Volume 5, 2022
|Number of page(s)||13|
|Section||Life Sciences - Medicine|
|Published online||30 June 2022|
Membraneless physiology of the living cell. The past and the present
Laboratory of Cell Physiology, Institute of Cytology, Russian Academy of Sciences, Tikhoretsky Ave 4, St. Petersburg 194064, Russia
* Corresponding author: firstname.lastname@example.org
Accepted: 25 May 2022
Since the 1880s, the concept of compartmentalizing through membranes has taken a firm place in cell physiology and has defined the objects, methods, and goals of physiologists’ research for decades. A huge mass of biologists know about the important role of intra-membrane pumps, channels, and lipids, and various hypotheses about the origin of life often begin with explanations about how the lipid membrane occurred, without which it is impossible to imagine the origin of a living cell. Against this background, there was a dissonance of statements that there are membraneless organelles in the cell, the functions of which are rapidly expanding under our eyes. Physically, they are similar to coacervate droplets, which from time to time were used to explain the origin of life, and now the coacervates are being more and more often discussed when describing the physics of the nucleus and cytoplasm of modern cells. However, ideas about the coacervate nature of cytoplasm/protoplasm originated in the first half of the 19th Century, when the contents of cells were likened to jelly, but this approach gradually faded into the shadows. Nevertheless, limited research in this area continued and was completed in the form of a membraneless cell physiology. Now that the focus of attention has turned to membraneless compartmentalization, it’s time to remember the past. The sorption properties of proteins are the physical basis of membraneless cell because of water adsorbed by proteins changes the physical state of any biomolecular system, from supramolecular and subcellular structures to the cell as a whole. A thermodynamic aqueous phase is formed because adsorbed water does not mix with ordinary water and, in this cause, is separated from the surrounding solution in the form of a compartment. This article discusses the fundamental physical properties of such a phase – a biophase. As it turned out, the Meyer–Overton rule, which led to the idea of a lipid membrane, also applies to membraneless condensates.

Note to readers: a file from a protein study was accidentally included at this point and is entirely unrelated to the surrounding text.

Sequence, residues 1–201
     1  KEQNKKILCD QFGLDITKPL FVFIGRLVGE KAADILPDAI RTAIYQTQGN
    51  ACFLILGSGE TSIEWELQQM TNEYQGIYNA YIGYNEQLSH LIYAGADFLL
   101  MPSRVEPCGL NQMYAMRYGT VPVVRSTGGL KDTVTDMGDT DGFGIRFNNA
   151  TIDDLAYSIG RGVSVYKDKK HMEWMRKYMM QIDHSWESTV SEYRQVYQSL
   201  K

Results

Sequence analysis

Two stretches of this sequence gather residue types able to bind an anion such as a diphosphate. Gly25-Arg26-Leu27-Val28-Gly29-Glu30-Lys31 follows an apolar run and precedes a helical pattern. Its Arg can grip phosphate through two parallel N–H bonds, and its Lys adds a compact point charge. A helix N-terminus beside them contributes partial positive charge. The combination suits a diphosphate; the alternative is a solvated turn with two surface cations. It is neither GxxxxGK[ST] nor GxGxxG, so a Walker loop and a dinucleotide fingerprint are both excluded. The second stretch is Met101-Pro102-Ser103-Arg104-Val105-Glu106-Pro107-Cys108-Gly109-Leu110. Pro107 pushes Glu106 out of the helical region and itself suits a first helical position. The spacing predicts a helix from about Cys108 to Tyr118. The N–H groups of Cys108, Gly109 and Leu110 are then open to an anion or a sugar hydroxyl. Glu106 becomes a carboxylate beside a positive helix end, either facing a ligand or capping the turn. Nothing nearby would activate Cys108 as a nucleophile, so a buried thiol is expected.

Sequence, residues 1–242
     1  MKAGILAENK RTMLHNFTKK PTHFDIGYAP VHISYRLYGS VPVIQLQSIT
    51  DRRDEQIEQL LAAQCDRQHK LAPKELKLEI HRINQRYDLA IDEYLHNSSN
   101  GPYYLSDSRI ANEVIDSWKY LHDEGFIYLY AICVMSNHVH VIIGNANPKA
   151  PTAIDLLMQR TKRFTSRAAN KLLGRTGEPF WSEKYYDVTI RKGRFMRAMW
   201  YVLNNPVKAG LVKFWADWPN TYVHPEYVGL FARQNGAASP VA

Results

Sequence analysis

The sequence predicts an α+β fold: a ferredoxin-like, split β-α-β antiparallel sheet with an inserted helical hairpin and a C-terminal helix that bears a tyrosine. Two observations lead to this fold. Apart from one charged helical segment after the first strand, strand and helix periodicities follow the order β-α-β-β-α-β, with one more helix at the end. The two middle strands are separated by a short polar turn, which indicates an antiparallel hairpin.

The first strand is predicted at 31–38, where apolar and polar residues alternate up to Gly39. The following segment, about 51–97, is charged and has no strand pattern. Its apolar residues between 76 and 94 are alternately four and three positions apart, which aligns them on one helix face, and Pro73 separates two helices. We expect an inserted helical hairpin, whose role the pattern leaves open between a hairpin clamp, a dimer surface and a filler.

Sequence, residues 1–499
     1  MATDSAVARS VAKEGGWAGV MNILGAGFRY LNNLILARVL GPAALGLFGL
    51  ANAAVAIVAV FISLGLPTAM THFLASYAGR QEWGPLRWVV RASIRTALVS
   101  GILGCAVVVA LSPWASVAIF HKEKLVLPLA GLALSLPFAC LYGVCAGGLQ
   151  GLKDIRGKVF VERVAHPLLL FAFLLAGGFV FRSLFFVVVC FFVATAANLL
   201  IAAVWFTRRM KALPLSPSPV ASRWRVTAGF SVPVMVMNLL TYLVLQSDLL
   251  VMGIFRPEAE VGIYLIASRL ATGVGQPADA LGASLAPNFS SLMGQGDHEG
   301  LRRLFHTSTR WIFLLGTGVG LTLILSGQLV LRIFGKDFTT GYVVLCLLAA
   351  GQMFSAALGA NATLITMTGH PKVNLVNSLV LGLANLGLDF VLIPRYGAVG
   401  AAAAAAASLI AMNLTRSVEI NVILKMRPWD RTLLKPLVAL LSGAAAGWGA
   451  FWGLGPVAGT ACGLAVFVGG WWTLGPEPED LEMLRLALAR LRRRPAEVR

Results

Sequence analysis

Key words: Adsorption / Hydrogen bonds / Intrinsically disordered proteins / Membraneless organelles / Meyer–Overton rule / Physical state of water / Physiology
© V.V. Matveev, Published by EDP Sciences, 2022
This is an Open Access article distributed under the terms of the Creative Commons Attribution License (https://creativecommons.org/licenses/by/4.0/), which permits unrestricted use, distribution, and reproduction in any medium, provided the original work is properly cited.
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